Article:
Ross signed with the A's quickly and was assigned to Low-A Kane County. He made three appearances for the Cougars – allowing three runs and striking out seven in 7.2 innings – before being shut-down for nearly six weeks with shoulder tightness. He returned to the mound in time to make three more appearances for the Cougars and he finished the regular season with a 4.66 ERA and 16 strike-outs in 19.1 innings. Ross was promoted to High-A Stockton for the post-season, and he was outstanding in his two starts for the Ports, allowing only one earned run in 10 innings. He struck-out eight and walked only two.

At 6'6'', Ross is one of the tallest pitchers in the A's system. He employs an unusual pitching motion that has caused some anxiety for scouts over the years who think that it will lead to injury. Given that Ross was sidelined with the shoulder problem this season, there may be some validity to those concerns. The A's didn't want to tinker with Ross' motion much given the success that he has had with it, but they have worked with him to make some minor adjustments with his stride and his finish. Ross pitched very well with the modifications to his delivery during the A's Instructional League camp.

Ross has a starter's build and a starter's stable of pitches. He throws a two-seam fastball, a four-seam fastball, a slider, a change-up and a cutter. The cutter is his newest pitch. Ross' fastball sits anywhere from 91-94 MPH, but it is his slider that is his best pitch. He also has a good feel for his change-up. Ross was a star hitter in high school and is a good natural athlete. He has historically had pretty good command for a pitcher of his height.

Ross came to the A's as a polished prospect given his experience in a Pac-10 program and as a member of Team USA. He pitched well in his first taste of the High-A level this September and should get a chance to start in Stockton again next season with a strong spring.

18. Arnold Leon

Leon will be with Oakland full-time in 2009.
The A's first splash on the international market this past year came last November when Oakland purchased the rights to Leon from Saltillo of the Mexican Summer League. He was given a bonus of $400,000. The right-hander was only 19 at the time of his signing, but he had already pitched a full season in the Mexican Summer and Winter Leagues (which are considered roughly Triple-A level). He had a 1.94 ERA in 41.2 innings in the Mexican Summer League and a 3.49 ERA in 28.1 innings in the Mexican Winter League last season.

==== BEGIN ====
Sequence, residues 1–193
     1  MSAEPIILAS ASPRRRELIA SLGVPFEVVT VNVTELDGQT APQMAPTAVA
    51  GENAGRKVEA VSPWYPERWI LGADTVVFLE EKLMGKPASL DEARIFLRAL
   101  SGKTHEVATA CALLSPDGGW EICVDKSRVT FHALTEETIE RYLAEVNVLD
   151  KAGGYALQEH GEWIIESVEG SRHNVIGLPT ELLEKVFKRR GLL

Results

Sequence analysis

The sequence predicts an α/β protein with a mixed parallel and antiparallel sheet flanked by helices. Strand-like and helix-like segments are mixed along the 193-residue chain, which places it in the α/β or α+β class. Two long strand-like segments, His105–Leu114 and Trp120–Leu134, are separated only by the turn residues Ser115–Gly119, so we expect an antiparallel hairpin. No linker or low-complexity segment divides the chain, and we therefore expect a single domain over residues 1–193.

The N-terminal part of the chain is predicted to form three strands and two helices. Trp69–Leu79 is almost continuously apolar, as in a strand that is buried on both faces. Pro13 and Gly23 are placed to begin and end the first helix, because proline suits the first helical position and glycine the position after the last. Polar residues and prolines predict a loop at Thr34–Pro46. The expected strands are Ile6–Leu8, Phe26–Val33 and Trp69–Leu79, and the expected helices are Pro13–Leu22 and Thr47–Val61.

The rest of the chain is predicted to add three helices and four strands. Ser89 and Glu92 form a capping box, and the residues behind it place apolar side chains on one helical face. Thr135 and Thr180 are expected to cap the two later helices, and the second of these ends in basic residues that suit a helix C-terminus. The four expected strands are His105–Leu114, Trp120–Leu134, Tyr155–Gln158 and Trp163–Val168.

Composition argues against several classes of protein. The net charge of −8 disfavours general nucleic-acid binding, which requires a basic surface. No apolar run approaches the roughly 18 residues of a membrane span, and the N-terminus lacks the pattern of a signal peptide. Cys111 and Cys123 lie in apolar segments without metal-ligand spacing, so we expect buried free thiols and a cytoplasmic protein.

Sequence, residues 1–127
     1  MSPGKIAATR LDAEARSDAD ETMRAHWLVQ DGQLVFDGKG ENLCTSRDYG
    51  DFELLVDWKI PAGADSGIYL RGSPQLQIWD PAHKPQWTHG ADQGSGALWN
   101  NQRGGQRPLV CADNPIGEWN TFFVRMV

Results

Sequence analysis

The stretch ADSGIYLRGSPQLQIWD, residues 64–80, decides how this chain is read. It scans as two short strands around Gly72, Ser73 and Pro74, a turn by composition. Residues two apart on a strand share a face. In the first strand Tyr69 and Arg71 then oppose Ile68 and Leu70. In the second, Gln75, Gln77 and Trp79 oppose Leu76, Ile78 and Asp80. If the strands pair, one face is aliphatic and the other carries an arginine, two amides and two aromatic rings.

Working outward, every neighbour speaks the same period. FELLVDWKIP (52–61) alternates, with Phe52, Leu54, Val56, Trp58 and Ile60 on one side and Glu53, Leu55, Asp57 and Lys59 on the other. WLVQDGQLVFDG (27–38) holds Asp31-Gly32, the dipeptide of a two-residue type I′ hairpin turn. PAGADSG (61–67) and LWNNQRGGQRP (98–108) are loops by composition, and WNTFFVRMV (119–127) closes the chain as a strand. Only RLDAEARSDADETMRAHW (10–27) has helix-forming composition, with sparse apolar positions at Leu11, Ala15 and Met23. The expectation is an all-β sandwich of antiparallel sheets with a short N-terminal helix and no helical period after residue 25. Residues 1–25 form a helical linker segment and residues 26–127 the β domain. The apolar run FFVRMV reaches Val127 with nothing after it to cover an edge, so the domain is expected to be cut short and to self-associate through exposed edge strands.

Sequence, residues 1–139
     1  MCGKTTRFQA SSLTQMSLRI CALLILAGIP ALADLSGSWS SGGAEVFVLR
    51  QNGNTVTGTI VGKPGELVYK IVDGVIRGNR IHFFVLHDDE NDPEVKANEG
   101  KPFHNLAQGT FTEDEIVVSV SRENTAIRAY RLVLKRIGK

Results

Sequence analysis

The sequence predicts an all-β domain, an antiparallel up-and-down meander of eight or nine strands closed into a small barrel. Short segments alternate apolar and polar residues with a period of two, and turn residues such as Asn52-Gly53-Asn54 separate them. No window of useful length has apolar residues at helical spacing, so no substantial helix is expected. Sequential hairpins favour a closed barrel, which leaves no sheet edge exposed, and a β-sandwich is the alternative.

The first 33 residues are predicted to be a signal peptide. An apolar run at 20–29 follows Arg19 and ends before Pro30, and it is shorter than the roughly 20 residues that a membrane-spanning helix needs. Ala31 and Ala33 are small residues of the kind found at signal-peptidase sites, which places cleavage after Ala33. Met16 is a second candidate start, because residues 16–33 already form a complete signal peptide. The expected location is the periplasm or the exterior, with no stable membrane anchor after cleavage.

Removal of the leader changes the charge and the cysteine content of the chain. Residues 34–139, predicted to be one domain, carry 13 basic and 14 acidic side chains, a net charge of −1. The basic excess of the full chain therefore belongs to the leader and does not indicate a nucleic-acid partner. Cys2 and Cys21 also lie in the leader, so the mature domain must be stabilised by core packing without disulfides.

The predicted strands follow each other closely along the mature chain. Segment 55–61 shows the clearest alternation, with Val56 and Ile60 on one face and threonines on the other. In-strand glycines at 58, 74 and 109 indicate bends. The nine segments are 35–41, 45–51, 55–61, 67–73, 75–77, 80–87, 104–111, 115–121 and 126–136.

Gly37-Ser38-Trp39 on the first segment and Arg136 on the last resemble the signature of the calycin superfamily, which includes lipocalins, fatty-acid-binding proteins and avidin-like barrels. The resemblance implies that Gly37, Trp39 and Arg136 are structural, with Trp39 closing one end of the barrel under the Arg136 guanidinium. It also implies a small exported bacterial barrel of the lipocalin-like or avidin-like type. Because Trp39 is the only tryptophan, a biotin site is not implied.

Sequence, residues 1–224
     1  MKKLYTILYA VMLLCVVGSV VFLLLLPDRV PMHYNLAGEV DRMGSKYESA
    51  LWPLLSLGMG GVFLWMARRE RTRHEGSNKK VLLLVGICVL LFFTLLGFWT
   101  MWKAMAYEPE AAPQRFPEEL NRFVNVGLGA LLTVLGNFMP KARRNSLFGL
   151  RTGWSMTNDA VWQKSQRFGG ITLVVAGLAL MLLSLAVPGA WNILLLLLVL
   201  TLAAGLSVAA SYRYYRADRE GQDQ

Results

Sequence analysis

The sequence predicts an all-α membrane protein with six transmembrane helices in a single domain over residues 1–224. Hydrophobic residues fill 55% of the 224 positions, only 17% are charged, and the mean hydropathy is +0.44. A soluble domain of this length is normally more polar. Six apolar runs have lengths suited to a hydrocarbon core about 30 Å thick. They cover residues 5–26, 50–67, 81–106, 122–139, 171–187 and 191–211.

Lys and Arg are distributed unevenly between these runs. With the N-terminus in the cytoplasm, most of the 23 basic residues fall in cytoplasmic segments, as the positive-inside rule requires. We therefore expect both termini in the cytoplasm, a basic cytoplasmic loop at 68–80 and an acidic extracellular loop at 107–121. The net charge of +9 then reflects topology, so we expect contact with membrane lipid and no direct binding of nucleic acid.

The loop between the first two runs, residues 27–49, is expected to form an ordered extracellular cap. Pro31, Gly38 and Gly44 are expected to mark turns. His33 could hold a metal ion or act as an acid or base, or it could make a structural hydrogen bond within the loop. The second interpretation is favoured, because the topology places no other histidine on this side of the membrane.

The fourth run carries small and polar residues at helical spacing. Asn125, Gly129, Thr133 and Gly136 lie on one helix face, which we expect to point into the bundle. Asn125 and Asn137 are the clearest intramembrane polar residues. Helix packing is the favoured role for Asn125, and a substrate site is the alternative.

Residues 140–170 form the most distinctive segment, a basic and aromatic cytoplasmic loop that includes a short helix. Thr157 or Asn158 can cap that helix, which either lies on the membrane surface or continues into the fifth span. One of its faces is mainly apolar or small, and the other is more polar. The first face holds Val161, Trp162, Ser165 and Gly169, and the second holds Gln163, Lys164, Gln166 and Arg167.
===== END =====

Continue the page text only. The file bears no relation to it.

Leon was given a non-roster invitation to the A's major league spring training camp so that the Oakland coaching staff could get a closer look at the right-hander. As part of the A's agreement with Saltillo, Leon was shared between Oakland and Saltillo in 2008, meaning that he spent the first half of the season with the A's and the second half back in Mexico. He will be with the A's full time in 2009.

At the conclusion of spring training, Leon was sent to High-A Stockton, where he remained until returning to Mexico. Leon worked exclusively in relief with the Ports and in Mexico. For Stockton, he posted a 2.86 ERA and he struck-out 28 in 28.1 innings. He then posted a 4.30 ERA with 21 strike-outs and only two walks in 14.2 innings for Saltillo. Leon allowed only one homerun over those 43 innings. Since the start of the winter season, Leon has been pitching for Culiacan, where he currently has a 2.77 ERA with 10 strike-outs in 13 innings.

Because Leon has been pitching essentially non-stop for the past two years, he was kept on a tight leash innings-wise during the A's Instructional League.

"Our purpose in bringing him [to the Instructional League] was really mechanical work. We had him throw only twice a week, an inning each time, to give him the opportunity to work with the staff to continue to develop him," Lieppman said.

"We are taking every opportunity to make sure that he gets a little bit of a break with his arm when we can."

At the time he was acquired, Leon – who has been a reliever exclusively in Mexico – was considered a good candidate to try starting pitching with the A's. However, the A's elected to keep him in the bullpen in 2008, perhaps to keep the innings down given his unusual schedule. It wouldn't be a shock to see the A's try-out Leon in a starting role at some point next season.

Leon's build may make him best suited for the bullpen, anyway. He stands at only 5'11'' and is about 185-190 pounds. His fastball sits in the low-90s and he has a sharp breaking slider and a change-up. He has a clean, over-the-top delivery that he repeats well. If Leon remains in the bullpen, he is likely to start the season in Double-A. However, if the A's move him into the rotation, he will probably return to Stockton to start the year.

17. Andrew Carignan

Carignan saved 34 games between Stockton, Midland and the AFL this season.
Carignan was a fifth-round selection by Oakland in 2007 out of the University of North Carolina. He came to the A's as one of the most decorated closers in NCAA history. The right-hander made only 12 appearances in 2007 (all for Low-A Kane County) and he had a 2.03 ERA in 13.1 innings. He was tough to hit (six hits allowed) and he struck-out a lot of batters (19 Ks), but his control was a problem (11 walks). Still, he was able to keep the ball in the park and generally got good results despite the walks.